On a per-game basis, that's around 20 to 21 completions on 32 attempts for almost 237 yards, averaging at least a touchdown or two a game with less than one interception. I used the three more run-oriented quarterbacks above for the rushing stats for a better look at how Ridder may need to affect the run game. In 47 games, Smith, Hurts, and Fields added a little over 48 yards rushing a game on a little over 8 rushing attempts equating to almost 6 yards a rush. They also added 22 touchdowns, which equates to a touchdown every two games.

What Does A Successful Quarterback Look Like in Arthur Smith's Offense?

One of the things these numbers can't account for is the offensive scheme and strategy. Not to mention the differences in philosophy for the offenses these quarterbacks run. So, I wanted to bring in the best example of success in an Arthur Smith offense: 2019-2020 Ryan Tannehill. Ryan Tannehill and the Tennessee Titans were 4th in offensive EPA from the time he took over the starting role from Marcus Mariota in 2019. In that span, he was 1st in success rate and completion percentage over expected while being 2nd in EPA+CPOE composite, only behind the eventual MVP, Lamar Jackson, according to He continued this high level of play into 2020 as he netted the 2nd highest EPA that season behind only the eventual MVP that year, Aaron Rodgers.

Over that span, Ryan Tannehill played 28 games and completed 516 passes on 767 attempts for a 67.27% completion percentage. He threw for 6561 yards, 55 touchdowns, and 13 interceptions. Good for a QB rating of 110.6. Tannehill also added 451 yards on 86 attempts and 11 TDs.

If you look at that from a per-game basis that's roughly 18 completions on 27 attempts per game for 234 yards a game. Tannehill added almost two touchdowns per game and an interception once every two games while adding only around 16 yards on 3 rush attempts a game and a touchdown every now and then.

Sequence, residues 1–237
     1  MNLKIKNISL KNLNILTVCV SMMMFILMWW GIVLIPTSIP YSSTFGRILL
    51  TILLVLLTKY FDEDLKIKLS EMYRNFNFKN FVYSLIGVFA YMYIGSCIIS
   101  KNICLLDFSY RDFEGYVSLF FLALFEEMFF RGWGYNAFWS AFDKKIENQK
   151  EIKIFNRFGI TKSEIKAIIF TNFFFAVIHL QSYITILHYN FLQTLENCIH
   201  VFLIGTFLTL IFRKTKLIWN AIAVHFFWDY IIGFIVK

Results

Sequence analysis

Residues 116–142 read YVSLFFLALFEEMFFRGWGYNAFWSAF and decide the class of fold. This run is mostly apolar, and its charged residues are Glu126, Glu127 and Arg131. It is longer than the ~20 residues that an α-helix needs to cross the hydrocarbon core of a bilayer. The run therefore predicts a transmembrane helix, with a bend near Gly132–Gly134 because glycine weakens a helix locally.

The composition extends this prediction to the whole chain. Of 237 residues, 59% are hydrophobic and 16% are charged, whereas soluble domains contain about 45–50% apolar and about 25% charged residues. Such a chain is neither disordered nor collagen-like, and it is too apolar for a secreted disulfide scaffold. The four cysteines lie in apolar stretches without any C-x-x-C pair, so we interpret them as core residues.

Statistic (per Game)

2022 "Top-5" Quarterbacks

Ryan Tannehill

Completion Percentage









QB Rating



Rush Attempts*



Rush Yards*



Rush TDs*



*Using the rushing numbers from Justin Fields, Jalen Hurts, and Geno Smith only

If you look at the comparison between the two side-by-side, the production numbers seem fairly similar. Of course, Ryan Tannehill's are going to be better because this was Smith's offense running at its peak (so far). Also, Ryan Tannehill did not have to use his legs as much because of the usage of Derrick Henry during that time. I expect Ridder's rushing numbers to look more toward the rushing numbers on the left-hand side. But when it comes to the passing numbers, I believe that Ryan Tannehill, who has never been the most polished of passers, put up a great standard for Ridder to follow.

I believe that if these numbers are the standard for a top-5 quarterback in the NFC, Desmond Ridder will have to, at the least, be in the conversation for one of the top-five quarterbacks. That shouldn't be a horrible bar to reach in a conference where even its best quarterbacks all have question marks around them.

Can he do it? Can Desmond Ridder become a top-five quarterback in the NFC in just one off-season? I think he has the ability to. And I believe that Arthur and Terry will outfit him with the weapons necessary. It's going to be all up to the former Cincinnati Bearcat to answer the bell come September.